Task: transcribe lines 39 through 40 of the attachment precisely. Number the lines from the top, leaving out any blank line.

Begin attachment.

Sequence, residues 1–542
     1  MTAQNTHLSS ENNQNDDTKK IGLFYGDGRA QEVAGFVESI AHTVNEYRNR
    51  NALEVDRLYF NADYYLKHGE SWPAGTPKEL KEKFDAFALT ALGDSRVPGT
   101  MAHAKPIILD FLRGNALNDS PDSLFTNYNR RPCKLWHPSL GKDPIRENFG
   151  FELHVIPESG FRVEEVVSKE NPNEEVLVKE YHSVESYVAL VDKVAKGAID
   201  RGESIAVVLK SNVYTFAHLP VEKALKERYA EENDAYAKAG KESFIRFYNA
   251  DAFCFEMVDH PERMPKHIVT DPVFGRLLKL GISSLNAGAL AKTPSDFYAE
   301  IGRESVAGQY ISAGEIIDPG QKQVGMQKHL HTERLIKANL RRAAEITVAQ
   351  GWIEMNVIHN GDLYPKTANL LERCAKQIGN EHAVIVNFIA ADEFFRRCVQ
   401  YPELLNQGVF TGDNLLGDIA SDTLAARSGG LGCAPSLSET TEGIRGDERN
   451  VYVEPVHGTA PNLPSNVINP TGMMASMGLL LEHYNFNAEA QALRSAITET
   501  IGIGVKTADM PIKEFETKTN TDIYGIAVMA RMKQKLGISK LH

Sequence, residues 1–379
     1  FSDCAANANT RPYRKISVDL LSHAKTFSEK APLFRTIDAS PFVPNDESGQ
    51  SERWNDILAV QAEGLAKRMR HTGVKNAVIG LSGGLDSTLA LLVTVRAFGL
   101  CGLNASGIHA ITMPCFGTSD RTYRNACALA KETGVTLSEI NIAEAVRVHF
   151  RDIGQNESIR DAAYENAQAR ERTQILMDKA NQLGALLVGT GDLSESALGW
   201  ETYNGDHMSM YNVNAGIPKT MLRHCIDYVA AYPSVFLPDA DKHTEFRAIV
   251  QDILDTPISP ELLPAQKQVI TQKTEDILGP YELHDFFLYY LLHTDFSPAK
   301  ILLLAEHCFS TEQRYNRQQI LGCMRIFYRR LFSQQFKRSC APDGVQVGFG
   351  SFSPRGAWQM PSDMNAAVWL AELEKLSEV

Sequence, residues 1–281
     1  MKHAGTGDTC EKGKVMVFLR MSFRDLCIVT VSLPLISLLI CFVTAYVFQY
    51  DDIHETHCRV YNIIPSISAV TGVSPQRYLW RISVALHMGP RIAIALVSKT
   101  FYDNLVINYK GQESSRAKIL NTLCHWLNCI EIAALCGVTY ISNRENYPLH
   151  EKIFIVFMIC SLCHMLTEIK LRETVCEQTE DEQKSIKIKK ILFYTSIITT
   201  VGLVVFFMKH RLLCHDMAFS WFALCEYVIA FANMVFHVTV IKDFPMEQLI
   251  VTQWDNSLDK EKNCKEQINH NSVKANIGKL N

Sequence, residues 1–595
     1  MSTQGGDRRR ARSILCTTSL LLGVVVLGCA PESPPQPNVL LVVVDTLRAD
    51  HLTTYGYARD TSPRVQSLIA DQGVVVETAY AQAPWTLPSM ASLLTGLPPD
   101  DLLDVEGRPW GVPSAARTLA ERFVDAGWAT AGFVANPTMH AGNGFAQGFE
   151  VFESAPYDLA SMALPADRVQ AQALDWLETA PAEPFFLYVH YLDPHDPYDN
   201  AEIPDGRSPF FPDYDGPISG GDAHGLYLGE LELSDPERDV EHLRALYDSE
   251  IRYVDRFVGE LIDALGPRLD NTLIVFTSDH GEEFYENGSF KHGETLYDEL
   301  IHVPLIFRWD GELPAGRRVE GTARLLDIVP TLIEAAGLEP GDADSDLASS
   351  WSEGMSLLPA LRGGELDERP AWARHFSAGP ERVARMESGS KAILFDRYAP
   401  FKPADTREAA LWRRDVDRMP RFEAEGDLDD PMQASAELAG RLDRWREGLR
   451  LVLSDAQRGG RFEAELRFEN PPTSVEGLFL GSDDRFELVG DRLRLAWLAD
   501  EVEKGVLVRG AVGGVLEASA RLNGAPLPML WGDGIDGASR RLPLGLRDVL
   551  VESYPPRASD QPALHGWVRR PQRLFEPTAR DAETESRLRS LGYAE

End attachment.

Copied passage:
   451  LVLSDAQRGG RFEAELRFEN PPTSVEGLFL GSDDRFELVG DRLRLAWLAD
   501  EVEKGVLVRG AVGGVLEASA RLNGAPLPML WGDGIDGASR RLPLGLRDVL